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by Jason Mendelsohn and Eric Klinger

18 Dec 2015


Klinger: So I forget why exactly, but awhile back I was looking over the Great List’s breakdown of the most acclaimed albums of 1985. (was I reliving my high school days? researching Tears for Fears? pretending I was working? Theories abound.) Anywho, I noticed something fascinating. One of the most acclaimed albums from that year was a 22-year-old live recording from Sam Cooke, Live at the Harlem Square Club, 1963. Digging a little deeper, I was suddenly reading reviews that suggest this album was actually superior to James Brown’s Live at the Apollo  which is a strong statement to say the least. My world suddenly seemed topsy turvy. Old timey records were on the Pazz & Jop Poll. Critics were besmirching the Godfather of Soul himself. Dogs and cats were cohabitating. My intriguedness grew. I needed to lie down.

Before I did, I pulled the CD off the shelf. I hadn’t really sat down and listened to Live at the Harlem Square Club, 1963 in years, but Mrs. Klinger has informed on several occasions that if she ever had access to a time machine, her first order of business would be to prevent Sam Cooke’s murder. Sometimes her love for Sam Cooke makes me uncomfortable. Regardless, after one listen I immediately understood why this album resonated so much with critics in 1985. I’m prepared to go on at length about it here 30 years later. After this week of intensive listening, I’m sure you’re ready to go on as well. So let’s compare notes. Go on, Mendelsohn.

by Evan Sawdey

8 Dec 2015


Casual fans refer to Widespread Panic as one of the last truly great jam bands, but in saying so, reveal why they are only casual fans. Only the devout know just how much farther Widespread’s musical grasp stretches.

As influenced as they were by gritty Southern rock music as they were with the more embryonic stylings of the Grateful Dead and The Band, this Athens, GA combo are going to celebrate a full three decades of existence next year, which is an accomplishment for any act, much less one like Widespread Panic, who’ve never had a radio hit to speak of, which, in many ways, is just the way they like it. Much like their ill-compared contemporaries like Umphrey’s McGee, the Panic built up their audience through touring, touring, and more touring, making each show an event in their own right, which is part of the reason that they have nearly as many live albums as they do studio recordings.

by Jason Mendelsohn and Eric Klinger

4 Dec 2015


Mendelsohn: I still have a little bit of a new music addiction, Klinger. There is nothing like getting a new record and being blown away by something I have never heard before. In reality, though, nothing sounds new anymore. After nearly a decade of Counterbalance, half of which we spent wandering the wilderness of the Great List, my brain has been trained to see through the wall of sound and start to dissect the influence behind each and every note. Some days I find the experience to be enlightening. Some days it can be crushing as it sucks the joy out of the simple experience of hearing new music. But then, that is the yin and yang of music, nay, of life itself. Pardon me for waxing philosophic, but I’ve been listening to Tame Impala’s newest record Currents and the psychedelic pop licks are starting to melt my brain.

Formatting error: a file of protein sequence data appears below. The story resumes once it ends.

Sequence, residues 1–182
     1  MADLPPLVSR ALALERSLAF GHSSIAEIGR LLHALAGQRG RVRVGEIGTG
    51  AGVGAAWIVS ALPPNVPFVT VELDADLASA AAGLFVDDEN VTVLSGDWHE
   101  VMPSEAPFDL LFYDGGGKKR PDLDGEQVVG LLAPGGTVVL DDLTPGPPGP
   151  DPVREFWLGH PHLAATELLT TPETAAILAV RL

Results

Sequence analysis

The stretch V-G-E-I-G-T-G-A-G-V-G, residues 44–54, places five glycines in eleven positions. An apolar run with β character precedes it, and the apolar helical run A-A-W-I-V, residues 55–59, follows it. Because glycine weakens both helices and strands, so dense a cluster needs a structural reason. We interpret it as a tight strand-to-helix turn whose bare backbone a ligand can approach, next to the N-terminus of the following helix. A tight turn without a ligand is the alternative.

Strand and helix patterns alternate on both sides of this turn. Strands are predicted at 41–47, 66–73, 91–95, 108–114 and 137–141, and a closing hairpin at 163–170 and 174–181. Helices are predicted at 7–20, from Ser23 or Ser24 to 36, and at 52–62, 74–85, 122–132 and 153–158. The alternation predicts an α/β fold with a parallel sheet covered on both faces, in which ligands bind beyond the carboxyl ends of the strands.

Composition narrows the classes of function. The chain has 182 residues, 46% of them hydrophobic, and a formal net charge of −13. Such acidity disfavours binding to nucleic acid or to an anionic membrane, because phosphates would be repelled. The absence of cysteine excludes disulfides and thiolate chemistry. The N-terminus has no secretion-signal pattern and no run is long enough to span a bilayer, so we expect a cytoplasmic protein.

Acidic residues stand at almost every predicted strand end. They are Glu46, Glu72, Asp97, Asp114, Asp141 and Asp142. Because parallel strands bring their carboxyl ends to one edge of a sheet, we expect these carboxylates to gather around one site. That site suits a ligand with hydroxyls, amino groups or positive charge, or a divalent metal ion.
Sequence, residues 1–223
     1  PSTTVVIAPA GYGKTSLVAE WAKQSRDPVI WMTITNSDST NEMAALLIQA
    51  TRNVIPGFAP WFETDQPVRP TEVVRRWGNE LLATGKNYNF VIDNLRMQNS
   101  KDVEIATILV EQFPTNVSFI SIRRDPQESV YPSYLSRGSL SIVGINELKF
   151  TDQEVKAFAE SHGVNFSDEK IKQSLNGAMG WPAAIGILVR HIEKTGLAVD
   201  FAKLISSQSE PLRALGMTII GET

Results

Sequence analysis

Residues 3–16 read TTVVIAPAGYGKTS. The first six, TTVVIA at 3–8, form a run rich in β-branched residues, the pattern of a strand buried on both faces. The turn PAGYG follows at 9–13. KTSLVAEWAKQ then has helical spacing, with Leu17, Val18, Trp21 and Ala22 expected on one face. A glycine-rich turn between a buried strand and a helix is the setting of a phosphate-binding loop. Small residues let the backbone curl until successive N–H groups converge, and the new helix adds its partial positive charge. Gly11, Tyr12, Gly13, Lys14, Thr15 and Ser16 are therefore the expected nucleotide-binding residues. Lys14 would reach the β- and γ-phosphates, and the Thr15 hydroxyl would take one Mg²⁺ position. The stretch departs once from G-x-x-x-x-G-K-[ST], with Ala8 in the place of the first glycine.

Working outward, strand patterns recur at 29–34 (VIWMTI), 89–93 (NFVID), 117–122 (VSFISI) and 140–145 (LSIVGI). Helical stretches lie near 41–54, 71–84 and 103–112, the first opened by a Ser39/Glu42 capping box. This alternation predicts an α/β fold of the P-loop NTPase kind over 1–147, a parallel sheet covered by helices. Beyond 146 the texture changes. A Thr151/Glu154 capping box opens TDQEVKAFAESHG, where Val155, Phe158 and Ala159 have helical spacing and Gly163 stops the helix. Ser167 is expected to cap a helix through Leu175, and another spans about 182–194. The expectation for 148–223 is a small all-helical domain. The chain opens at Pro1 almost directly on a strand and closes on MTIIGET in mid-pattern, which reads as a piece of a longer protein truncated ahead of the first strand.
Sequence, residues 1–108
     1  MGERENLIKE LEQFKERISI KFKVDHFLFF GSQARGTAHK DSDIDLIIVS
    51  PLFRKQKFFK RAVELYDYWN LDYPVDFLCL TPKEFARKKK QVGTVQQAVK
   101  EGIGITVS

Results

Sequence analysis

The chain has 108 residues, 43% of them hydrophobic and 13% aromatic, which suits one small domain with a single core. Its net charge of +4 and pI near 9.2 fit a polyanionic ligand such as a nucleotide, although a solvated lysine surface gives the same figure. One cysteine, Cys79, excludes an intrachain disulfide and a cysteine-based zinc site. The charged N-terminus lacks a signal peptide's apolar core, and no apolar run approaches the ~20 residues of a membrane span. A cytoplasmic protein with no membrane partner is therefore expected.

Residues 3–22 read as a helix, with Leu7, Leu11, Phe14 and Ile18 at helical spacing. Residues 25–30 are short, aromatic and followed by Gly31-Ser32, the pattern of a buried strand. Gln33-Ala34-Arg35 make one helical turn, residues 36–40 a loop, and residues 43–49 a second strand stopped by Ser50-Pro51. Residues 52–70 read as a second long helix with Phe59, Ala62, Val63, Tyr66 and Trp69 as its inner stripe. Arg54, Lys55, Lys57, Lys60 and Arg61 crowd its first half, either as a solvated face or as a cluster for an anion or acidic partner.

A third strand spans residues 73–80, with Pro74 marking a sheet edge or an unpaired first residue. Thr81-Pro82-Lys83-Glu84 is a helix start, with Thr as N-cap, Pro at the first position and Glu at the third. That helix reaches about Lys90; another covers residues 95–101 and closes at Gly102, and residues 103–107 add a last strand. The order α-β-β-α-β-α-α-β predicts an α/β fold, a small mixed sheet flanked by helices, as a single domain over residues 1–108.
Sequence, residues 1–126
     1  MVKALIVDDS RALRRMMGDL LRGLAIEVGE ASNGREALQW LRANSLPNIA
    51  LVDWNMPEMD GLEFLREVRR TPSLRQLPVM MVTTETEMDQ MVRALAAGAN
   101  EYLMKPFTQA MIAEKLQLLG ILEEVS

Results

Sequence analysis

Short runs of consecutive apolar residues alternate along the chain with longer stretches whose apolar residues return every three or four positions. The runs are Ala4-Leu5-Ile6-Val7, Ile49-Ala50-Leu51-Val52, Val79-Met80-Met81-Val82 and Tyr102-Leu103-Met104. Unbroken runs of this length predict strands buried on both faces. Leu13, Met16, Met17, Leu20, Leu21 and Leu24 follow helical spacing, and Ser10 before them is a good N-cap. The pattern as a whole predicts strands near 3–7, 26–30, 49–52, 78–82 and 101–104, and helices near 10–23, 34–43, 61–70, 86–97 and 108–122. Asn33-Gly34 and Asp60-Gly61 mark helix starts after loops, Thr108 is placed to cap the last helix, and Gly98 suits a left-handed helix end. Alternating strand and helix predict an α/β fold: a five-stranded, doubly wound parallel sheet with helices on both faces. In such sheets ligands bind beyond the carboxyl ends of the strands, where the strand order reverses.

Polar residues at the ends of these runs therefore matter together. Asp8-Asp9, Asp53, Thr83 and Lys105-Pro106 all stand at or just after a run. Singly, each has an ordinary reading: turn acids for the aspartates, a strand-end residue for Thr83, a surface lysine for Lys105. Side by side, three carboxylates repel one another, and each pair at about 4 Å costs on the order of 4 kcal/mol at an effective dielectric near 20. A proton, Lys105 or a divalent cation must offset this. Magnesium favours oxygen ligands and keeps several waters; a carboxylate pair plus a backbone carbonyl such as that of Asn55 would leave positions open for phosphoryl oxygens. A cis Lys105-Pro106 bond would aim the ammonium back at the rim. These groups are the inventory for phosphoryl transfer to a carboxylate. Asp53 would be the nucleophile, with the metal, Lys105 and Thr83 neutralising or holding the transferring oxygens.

by Evan Sawdey

23 Nov 2015


!!!‘s biography runs like this: since releasing their first album in 2001, they’ve rocked and partied hard. End of story.

After coming into prominence with 2003’s instantly-iconic groove-jam “Me and Giuliani Down by the School Yard (A True Story)”, lead singer Nic Offer and his merry band of like-minded cohorts have moved away from their hardcore roots to become the de-facto dance-rock of the new millennium. Their songs groove, twist, and surprise, and even with a rotating group of regular members (to say nothing of the tragic passing of drummer Jerry Fuchs), they have slowly amassed an intensely devout cult following of the past decade and a half. Even with the success of “Giuliani”, the band has been touring and recording at a pretty consistent clip, often releasing one new album every three years, often shying away from the showboating controversies that so quickly sink other bands of the dance-rock contingent (whatever happened to, say, Black Kids?).

by Jason Mendelsohn and Eric Klinger

20 Nov 2015


Klinger: The Great List, the compendium of critical hive-mindedness from which we still draw a good amount of inspiration, is a fascinating document, albeit one that demonstrates the extent to which critics the world over have fallen short in acknowledging some of your less traditionally cool genres. So while we spent the first couple years listening to way more trip-hop than I ever thought possible, country music, which is so ingrained in rock & roll’s DNA, has been all but ignored. In fact, the only artist to shatter the hayseed ceiling so far has been Johnny Cash, whose At Folsom Prison LP has been meandering around the back half of the 100s for years (it’s currently on the rise again, clocking in at No. 157). And for the record, I’m not counting Gram Parsons. Readers can go argue with me over on Facebook if they want.

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